I keep the downloaded scores on a hard drive, and, to save printing and storage, I usually view and play them from a 22” flatscreen monitor attached to a netbook and operated by a wireless keyboard and mouse. This allows me to try out many new pieces each week. Most of my videos are played direct from screen, and the page turning is far easier than with paper copies. The screen is large enough to allow three-page views.
Although I do present some complete sets of pieces on single videos, I usually cherry-pick the best pieces out of suites or other collections posted under a single opus number. Many individual gems of piano writing are ignored because they are obscured by dull musical neighbours. However, I do believe in the concept of total immersion in the music of a composer before playing single works, so, where possible, I will play through and listen to as much music by a composer as I can before recording any. Appreciating the context of an individual piece is vital, and these days, too many students learn pieces from compilations covering several centuries of music, and get to know next to nothing about the composers, their other works or their contemporaries.
Looking back at what I have played on YouTube to date, here are just a few composers, active in the early 20th century whose piano music merits further investigation, and not just by me: from Germany, Heinrich Neal; from Flanders, Roger Herberigs; from France, Opol Ygouw (a pseudonym for Léopold Gouvy); and from the US, Louis Adolphe Coerne. I have recorded much salon and parlour music, because it appears particularly well-suited to the YouTube medium, and seems to appeal to the many viewers for whom every piece of music is a ‘song’. I should like to single out the harmonically-refined salon pieces of Théodore Lack - who is remembered today more for having commissioned Debussy’s ‘Le petit Nègre’ than for his own - and also the work of the fascinating Hungarian-born hispanophile Czerny pupil, Oscár de la Cinna.
An individual work which a viewer kindly alerted me to, and typifies the sort of repertoire I like to champion on the channel is ‘Sakuntala before Shiva’ - a set of piano arrangements by Sergius Tolstoy and Vladimir Pohl of music played in Moscow in 1913-14 by the Indian musician Inayat Khan. I am always motivated to play music that has an interesting story behind it - for example, I will always try to research the dedicatees of the music I play.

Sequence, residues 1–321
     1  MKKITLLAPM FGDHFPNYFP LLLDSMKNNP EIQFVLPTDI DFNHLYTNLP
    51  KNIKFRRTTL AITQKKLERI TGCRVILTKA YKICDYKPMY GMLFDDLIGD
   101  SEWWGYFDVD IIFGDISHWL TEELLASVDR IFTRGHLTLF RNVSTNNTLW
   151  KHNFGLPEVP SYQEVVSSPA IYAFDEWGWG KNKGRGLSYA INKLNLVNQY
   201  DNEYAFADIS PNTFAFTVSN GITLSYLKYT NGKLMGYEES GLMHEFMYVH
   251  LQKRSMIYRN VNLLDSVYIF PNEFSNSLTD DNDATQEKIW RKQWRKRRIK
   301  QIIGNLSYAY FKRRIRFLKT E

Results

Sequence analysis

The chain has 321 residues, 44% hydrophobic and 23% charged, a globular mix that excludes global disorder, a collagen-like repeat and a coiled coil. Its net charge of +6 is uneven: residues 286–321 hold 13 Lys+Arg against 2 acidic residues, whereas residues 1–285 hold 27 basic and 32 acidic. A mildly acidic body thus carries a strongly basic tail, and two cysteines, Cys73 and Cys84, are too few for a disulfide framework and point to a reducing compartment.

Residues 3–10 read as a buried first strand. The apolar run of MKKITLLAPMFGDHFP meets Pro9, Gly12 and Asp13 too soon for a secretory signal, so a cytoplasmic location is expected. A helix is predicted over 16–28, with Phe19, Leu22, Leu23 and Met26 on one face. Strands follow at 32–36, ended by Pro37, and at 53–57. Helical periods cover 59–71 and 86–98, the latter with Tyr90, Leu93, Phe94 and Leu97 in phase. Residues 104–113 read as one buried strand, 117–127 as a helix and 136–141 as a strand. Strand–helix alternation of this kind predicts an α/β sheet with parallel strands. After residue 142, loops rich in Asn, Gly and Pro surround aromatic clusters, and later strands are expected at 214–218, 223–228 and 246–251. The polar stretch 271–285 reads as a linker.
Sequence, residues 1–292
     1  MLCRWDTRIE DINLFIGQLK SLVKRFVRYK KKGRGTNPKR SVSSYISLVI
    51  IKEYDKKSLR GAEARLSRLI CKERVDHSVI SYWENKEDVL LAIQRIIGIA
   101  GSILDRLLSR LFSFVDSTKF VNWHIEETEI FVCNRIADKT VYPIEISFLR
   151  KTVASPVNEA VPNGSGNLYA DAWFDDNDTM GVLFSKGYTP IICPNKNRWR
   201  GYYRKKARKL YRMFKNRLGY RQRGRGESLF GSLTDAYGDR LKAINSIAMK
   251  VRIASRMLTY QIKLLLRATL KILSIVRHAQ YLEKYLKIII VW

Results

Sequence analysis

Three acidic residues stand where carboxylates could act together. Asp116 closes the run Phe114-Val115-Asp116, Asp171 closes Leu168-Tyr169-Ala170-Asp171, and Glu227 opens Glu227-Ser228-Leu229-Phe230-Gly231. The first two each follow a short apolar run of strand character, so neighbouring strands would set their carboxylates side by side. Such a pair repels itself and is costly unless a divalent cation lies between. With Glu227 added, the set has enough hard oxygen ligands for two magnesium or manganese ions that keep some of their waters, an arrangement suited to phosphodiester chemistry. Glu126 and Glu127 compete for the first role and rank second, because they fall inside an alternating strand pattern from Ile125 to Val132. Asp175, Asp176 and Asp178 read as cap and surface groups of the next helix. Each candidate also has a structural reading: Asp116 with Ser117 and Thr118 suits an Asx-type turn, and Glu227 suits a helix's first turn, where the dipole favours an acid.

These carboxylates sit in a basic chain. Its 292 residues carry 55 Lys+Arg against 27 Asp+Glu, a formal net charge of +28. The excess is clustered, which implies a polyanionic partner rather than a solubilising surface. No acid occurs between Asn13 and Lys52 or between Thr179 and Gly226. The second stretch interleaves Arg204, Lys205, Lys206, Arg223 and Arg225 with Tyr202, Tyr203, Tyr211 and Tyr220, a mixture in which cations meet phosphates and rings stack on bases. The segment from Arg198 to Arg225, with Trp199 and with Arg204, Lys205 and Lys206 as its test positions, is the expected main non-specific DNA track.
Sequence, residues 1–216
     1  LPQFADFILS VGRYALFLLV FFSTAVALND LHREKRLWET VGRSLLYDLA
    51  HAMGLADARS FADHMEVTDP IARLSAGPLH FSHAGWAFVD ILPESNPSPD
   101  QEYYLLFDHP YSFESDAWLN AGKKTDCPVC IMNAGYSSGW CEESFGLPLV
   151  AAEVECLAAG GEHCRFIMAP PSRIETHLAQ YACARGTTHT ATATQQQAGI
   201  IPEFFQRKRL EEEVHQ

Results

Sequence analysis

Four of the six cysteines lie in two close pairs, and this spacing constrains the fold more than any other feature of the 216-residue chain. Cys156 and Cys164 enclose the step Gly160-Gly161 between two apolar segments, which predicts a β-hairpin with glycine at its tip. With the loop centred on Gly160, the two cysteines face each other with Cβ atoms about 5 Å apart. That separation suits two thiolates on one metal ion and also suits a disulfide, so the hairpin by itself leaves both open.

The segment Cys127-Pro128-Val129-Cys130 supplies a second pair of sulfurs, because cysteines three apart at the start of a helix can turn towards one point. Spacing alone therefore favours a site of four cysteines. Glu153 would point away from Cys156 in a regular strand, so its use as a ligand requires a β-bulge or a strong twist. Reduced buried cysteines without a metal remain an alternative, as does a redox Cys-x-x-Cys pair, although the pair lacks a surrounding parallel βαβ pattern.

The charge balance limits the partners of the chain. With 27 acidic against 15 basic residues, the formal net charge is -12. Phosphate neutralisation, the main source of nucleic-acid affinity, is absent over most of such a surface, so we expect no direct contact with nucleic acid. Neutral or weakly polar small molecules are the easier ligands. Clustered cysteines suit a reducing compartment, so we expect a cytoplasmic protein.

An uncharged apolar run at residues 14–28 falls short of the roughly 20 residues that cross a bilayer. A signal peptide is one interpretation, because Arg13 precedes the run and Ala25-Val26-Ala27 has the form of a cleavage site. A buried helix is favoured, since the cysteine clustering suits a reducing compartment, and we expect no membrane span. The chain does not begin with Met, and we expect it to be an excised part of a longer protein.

Where do I go from here? Well, I am always striving to improve the sound quality of the videos, and am now on my third camera. I am unlikely to run out of music to play. To the best of my knowledge, Liszt and his contemporaries never complained of having exhausted the piano repertoire - and we have well over 100 more years of music to add to what was available to them. Just to give one example: some while back I came across the salon music of the prolific 19th century American composer Charles Grobe, whose Op. 1990 - freely downloadable from IMSLP - is ‘The Old Oaken Bucket - Retrospective Mazurka’. I could not find anything interesting in this piece, which gives every impression of being churned out to meet a publisher’s deadline. However, it runs to some six pages of score. If that opus number is correct, I would conservatively estimate that Grobe must have produced at least 7,500 pages of music. Were I to play through all that, who knows if I might find a hidden gem! On a more exalted level, there is the set of 78 salon pieces that make up the Op. 327 of Carl Bohm. I have only been able to view about a dozen of them, but a complete performance (5 hours or so) would make for an interesting piano marathon.
Phillip Sear’s YouTube channel is at http://www.youtube.com/PSearPianist
and more information about him can be found on http://www.psear.co.uk